My law partner, Gabe Jiran, talks today about whether it’s all that easy to change the terms of a collective bargaining agreement.  Is it just as easy as a vote? Or does it require something more? The answer has implications for all employers.  

With all of the talk about the financial difficulties faced by the government, I, and others in here, sometimes get the question of whether the State of Connecticut or other states might try to change the laws on collective bargaining or try to pass legislation to alter the terms of its existing collective bargaining agreements.

Other states have started down this road, but it is not that easy.

Recently, the Connecticut Attorney General was asked to opine on whether the General Assembly could statutorily change the contracts covering State employees to address the fiscal crisis.  A link to the opinion is here.

The short answer is that the State could do so, such as by passing a statute that wage increases be delayed or eliminated in State contracts.

However, the United States Constitution imposes a pretty heavy burden on the State to justify any such changes.

The relevant factors are:

  1. the severity of the fiscal crisis;
  2. the nature and duration of the contractual changes;
  3. the extent that the State has attempted to implement other alternatives in the past;
  4. the extent to which the State has studied and made findings about the feasibility of other alternatives;
  5. whether these alternatives would be a less dramatic option;
  6. the extent to which the fiscal crisis existed or was foreseeable when the State entered into the existing contract; and
  7. the State’s representations during negotiations for the existing contract.

Based on cases utilizing some or all of these factors, the State would face an uphill battle if it wanted to change an existing contract.

For example, a federal appeals court struck down the State of New York’s plan to delay wage increases for employees because New York had alternatives such as raising taxes or shifting money around in its budget.  In another New York case, the same court found that a $1 billion deficit was not a dire enough fiscal crisis to justify a delayed wage increase.

However, one case found that the City of Buffalo was able to impose a wage freeze when it was undeniable that Buffalo was in a fiscal emergency and that the wage freeze was a last resort after looking at other options.

In discussing the matters with others here, we expect that Connecticut and other states will continue to look for creative options to address their financial situations with employees.

However, it is doubtful that these options will involve changes to existing contracts without negotiation with the unions involved.  In addition, any State attempts to change contracts in the private sector would be almost certain to fail.

Imagine there’s no …..

A few years ago it would have been unfathomable to be considering life in Connecticut without a Commission on Human Rights and Opportunities.  After all, it is a necessary step in filing a discrimination complaint in this state.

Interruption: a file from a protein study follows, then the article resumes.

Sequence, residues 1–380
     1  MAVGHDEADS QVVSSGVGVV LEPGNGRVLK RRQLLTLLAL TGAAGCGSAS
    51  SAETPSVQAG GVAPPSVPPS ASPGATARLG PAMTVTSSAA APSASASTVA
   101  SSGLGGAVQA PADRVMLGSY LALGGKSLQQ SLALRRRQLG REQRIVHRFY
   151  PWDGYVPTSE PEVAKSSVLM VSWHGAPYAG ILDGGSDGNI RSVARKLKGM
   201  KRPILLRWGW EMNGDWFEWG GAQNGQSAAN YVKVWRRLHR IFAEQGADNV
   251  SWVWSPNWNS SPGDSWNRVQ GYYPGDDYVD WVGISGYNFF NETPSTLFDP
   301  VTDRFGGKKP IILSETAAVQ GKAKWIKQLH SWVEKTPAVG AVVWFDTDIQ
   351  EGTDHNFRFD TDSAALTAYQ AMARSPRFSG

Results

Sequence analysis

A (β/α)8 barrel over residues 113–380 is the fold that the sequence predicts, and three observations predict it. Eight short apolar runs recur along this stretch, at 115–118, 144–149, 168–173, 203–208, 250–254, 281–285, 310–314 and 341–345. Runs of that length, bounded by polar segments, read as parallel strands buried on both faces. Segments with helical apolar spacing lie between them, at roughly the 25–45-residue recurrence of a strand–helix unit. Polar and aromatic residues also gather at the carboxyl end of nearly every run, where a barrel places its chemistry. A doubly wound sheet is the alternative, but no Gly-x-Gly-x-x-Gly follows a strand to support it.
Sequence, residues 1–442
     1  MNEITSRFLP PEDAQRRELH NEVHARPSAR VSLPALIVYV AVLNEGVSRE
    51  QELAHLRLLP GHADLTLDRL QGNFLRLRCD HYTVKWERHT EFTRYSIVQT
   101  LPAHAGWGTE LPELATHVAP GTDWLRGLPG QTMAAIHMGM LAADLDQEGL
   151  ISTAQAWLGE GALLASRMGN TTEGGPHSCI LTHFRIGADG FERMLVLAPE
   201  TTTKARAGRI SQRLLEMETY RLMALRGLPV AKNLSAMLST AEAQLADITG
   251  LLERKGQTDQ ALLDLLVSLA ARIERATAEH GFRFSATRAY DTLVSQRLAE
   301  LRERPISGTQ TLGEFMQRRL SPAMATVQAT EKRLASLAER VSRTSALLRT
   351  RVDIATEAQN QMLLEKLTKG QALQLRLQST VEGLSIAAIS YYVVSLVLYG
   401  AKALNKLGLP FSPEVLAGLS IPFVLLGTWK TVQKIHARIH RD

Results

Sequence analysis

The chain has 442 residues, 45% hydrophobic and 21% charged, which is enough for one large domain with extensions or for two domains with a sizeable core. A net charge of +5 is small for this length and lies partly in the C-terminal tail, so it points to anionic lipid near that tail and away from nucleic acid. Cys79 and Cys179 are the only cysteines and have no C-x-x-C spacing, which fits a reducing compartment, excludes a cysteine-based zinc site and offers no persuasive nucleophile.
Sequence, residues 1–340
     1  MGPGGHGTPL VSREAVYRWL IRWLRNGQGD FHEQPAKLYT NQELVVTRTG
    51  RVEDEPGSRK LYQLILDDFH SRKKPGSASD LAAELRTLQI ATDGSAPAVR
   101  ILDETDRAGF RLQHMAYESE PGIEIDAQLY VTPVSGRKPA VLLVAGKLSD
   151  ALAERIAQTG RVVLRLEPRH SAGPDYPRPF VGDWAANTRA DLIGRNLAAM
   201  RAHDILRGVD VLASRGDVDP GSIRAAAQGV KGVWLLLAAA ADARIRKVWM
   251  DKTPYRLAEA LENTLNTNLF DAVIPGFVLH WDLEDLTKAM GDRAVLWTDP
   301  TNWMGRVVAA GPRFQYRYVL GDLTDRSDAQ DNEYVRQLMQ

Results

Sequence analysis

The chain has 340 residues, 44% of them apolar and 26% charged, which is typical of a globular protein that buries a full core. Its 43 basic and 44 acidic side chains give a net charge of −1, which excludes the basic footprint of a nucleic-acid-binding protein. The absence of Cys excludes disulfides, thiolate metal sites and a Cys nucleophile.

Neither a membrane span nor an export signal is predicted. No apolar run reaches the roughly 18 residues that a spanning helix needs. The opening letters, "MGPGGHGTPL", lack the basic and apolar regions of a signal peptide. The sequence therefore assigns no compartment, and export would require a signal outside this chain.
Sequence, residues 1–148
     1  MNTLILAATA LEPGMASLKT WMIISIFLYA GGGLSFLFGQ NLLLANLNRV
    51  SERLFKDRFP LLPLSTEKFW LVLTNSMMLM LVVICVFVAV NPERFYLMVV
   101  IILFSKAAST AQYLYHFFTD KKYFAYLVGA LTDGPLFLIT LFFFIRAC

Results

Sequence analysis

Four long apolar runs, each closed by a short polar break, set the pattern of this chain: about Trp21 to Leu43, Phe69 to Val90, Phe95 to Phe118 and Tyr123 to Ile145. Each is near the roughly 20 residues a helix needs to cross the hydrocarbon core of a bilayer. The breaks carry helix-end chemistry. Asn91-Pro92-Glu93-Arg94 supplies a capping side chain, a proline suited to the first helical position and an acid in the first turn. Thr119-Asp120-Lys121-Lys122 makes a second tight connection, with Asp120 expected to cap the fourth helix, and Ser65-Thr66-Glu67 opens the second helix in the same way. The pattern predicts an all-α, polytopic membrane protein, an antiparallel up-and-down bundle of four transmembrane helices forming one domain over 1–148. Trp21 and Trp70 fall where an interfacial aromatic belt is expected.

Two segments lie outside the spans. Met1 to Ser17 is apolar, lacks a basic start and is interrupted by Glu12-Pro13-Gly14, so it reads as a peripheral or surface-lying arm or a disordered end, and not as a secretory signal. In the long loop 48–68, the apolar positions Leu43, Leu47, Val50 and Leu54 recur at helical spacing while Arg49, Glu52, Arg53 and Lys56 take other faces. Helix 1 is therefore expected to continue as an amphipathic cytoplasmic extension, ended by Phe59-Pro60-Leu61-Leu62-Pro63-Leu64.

Imagining a Connecticut without the CHRO? No way.

But suddenly, dramatically, here we are.   With the union concession package widely expected to be voted down later Friday morning, we’re into uncharted territory.  And, there are a lot of questions still to be answered.

First, will Governor Malloy actually shut down the agency? That’s unknown, though closing it down was among the various list of cuts proposed back in May. Resulting savings are over $6M.  Pure speculation among lawyers at the CBA Annual Meeting yesterday about whether that would happen was split, though some type of cuts to the agency would certainly seem likely.

Shutting down the agency would be relatively easy compared to what might happen afterwards, though.

For example, what will happen to existing claims at the CHRO? Presumably, the legislature would have to enact legislation that immediately provides those individuals with a “right to sue” in state court.  Some coordination would need to be planned, though, with the EEOC since every claim filed at the CHRO is typically cross-filed with that agency.  Will the EEOC pick up investigating some claims? Given their budget issues, that appears unlikely as well.

Next question: What happens to the statute of limitations? After all, in order for state discrimination claims to proceed, a complainant must file a CHRO complaint within 180 days.  When there’s no complaint to be filed, what happens next? Again, we’ll have to await word from the General Assembly.

But while some have previously called for the elimination of the CHRO, be careful for what may happen next, which is filing of many more lawsuits against employers that would otherwise have been handled by the agency.  Indeed, if all those cases went to court, you could see an 5-8 percent rise in the number of cases in our court system.  On the flip side, the courts are likely to be so overwhelmed with new claims with diminishing resources, that cases may drag on and on there.

What’s the Takeaway for Employers?

The budget battle may hit home in unexpected ways.  Keep up with the developments surrounding the CHRO and stay tuned to see if there are going to be any other cuts to relevant state agencies such as the Department of Labor.

It’s not just job cuts that we are likely to see, but programs and services being eliminated too.

Imagine a world without the CHRO? Ready, Set, …….